[b] The basic model was: song – prayer – speaker – song – prayer. Common variations were to add songs before, during, and after the meeting and to have two or three speakers instead of one. I think the meeting format was generically non-Mormon: on one occasion Elder Brooks and companion sang for a local preacher, and the meeting followed the same general pattern. “Their preacher came Saturday night and stopped at the same place we did. … We went to the meeting house. The preacher asked us to sing. We sang a song for them. The preacher then got up and said he would like to hear us preach and asked if we would occupy part of the time. Elder Reed got up and gave them a speech on the Holy Ghost.” (Brooks, 1900 Jan 07 Sun). Some examples of multiple opening songs: “Just as we got through singing the last opening song Elder Decker turned sick and had to go back to Bro. Williamson’s.” (Brooks, 1900 Jul 22 Sun); “the people kindly consented to do the singing after singing I opened with prayer then singing again.” (Clark, 1900 Oct 29 Mon); “The congregation sang the first song. We sang next. Elder Huntsman opened by prayer.” (Brooks, 1900 Mar 11 Sun).
[c] Brooks, 1900 Mar 10 Sat. I have not attempted to count how often the missionaries sang versus the congregation singing; most of the entries are too vague to tell. Most of the time there is no explanation given, but Jones specifies a cold as the reason congregation sang. “As I had a very bad cold, we had the people sing for us.” (Jones, 1901 Oct 20 Sun); “we had a large crowd about 60 and they done the singing and Franklin Clark and Joseph Bond done the Preaching” (Clark, 1900 Apr 29 Sun); “After singing a song Elder Huntsman opened the meeting.” (Brooks, 1900 Mar 17 Sat); “The congregation sang the first song. We sang next. Elder Huntsman opened by prayer.” (Brooks, 1900 Mar 11 Sun); “After they had all got quiet we sang them two songs and then I began talking and continued for about an hour.” (Jones, 1901 Feb 14 Thu); “At 3 p.m. There was a large crowd and the house was full. My old knees were shaking like good fellows. We let the people sing for us. I presided.” (Jones, 1901 Mar 03 Sun).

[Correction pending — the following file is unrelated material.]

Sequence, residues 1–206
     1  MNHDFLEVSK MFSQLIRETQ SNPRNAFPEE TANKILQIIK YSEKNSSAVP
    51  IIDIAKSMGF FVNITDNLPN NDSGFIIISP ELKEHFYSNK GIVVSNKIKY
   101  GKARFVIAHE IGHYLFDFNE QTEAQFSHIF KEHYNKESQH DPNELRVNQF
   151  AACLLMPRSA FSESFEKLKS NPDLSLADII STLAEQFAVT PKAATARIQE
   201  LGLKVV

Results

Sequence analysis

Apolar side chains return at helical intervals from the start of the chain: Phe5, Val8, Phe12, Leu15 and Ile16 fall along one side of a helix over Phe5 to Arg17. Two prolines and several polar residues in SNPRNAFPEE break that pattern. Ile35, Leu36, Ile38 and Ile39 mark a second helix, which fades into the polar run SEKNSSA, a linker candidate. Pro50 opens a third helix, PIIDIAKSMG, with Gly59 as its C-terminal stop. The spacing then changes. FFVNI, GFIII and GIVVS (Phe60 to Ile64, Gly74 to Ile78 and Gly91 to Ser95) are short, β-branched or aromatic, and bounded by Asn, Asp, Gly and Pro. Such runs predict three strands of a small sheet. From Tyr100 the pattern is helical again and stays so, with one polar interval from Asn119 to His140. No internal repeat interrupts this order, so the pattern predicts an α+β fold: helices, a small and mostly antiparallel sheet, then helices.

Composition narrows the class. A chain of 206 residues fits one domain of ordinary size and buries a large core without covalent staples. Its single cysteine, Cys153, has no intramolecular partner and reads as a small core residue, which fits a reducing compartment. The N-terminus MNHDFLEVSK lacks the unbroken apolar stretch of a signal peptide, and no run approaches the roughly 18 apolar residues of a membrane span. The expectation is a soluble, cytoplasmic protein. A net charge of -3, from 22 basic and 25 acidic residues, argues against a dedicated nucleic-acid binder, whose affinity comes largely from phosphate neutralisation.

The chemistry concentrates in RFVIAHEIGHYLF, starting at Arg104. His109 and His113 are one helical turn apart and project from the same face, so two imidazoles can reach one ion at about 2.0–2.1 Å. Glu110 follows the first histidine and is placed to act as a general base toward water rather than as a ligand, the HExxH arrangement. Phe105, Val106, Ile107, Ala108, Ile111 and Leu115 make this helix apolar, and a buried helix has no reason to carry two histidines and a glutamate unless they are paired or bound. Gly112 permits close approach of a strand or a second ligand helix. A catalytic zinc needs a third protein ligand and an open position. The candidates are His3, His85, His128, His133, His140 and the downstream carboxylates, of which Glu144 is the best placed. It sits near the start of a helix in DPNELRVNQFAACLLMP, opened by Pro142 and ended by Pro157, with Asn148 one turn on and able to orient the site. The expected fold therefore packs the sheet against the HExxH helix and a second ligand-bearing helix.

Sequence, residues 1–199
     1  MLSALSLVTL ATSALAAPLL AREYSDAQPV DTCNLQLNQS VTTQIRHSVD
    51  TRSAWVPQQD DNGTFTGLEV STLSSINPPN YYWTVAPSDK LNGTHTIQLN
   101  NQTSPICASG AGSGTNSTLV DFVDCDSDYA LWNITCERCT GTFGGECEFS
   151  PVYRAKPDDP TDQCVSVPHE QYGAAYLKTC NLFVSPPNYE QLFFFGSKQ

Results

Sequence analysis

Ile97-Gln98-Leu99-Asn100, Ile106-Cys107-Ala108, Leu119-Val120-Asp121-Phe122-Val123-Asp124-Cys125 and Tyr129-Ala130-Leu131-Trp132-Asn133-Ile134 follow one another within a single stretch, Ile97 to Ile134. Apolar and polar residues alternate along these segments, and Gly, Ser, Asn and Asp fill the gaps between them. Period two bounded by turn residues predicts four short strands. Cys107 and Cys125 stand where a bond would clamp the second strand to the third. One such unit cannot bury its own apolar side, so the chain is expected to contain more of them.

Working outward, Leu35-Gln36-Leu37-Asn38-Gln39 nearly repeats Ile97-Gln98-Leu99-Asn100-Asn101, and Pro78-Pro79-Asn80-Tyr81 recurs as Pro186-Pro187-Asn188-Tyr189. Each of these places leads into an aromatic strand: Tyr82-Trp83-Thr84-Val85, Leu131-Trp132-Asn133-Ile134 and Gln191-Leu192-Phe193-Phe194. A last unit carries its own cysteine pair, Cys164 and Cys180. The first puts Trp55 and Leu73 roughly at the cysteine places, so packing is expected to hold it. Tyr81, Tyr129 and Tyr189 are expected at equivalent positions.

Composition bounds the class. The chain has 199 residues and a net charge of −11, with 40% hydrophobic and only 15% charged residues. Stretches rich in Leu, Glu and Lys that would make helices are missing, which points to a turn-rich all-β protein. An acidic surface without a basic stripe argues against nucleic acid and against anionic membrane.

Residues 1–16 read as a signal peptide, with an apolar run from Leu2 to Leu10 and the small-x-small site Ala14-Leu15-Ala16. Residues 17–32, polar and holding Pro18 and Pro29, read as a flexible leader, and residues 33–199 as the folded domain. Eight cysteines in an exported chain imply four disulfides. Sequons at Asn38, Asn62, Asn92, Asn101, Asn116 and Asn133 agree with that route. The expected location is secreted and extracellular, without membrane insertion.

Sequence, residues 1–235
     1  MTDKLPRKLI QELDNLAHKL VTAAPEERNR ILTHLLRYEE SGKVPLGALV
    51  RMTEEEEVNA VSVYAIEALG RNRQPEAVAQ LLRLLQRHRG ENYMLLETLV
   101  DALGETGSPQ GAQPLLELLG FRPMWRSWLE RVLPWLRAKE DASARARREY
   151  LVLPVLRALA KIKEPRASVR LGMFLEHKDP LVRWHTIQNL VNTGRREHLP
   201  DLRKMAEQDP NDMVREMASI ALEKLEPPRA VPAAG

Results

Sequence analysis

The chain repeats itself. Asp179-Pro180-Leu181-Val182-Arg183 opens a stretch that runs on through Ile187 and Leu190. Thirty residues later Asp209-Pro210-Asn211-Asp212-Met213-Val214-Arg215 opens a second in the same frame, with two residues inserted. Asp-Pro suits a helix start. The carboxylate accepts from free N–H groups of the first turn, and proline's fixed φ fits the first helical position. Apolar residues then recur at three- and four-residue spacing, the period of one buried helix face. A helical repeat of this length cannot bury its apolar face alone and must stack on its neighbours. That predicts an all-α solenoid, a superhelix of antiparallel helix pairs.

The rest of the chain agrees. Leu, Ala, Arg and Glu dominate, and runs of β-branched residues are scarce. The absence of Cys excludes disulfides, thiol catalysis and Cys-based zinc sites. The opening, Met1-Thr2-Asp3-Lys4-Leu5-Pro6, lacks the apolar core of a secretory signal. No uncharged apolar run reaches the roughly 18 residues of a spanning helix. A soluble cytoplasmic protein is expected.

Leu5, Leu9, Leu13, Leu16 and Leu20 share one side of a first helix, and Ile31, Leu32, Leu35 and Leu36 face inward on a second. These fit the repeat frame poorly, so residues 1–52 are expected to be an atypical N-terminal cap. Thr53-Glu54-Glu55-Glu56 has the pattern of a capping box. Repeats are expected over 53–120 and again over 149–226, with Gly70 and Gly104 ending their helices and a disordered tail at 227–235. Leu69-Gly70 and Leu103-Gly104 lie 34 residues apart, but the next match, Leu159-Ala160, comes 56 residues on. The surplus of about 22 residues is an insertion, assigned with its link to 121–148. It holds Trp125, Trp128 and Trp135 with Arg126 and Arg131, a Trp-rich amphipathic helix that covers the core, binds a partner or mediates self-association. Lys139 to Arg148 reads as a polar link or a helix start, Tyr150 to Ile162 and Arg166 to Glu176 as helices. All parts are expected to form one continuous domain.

[d] “On Friday evening we were surprised by receiving a telegram from Emma Ramsey, the beautiful singer from Utah. She was on her way home from the East, and desired the presiding Elder to meet her at the depot, which he did. She remained with us two days and nights, and we kept her busy singing while here. She went to street meeting with us and her beautiful voice attracted much notice. She left last evening. …” (Cluff, 1905 Jun 04 Sun). I found a few newspaper articles about Ramsey and a brief write-up about her mother at Keepapitchinin. (Also: Ramsey’s husband, George Morris—whom she married three weeks after the street meeting—became an apostle in 1954.)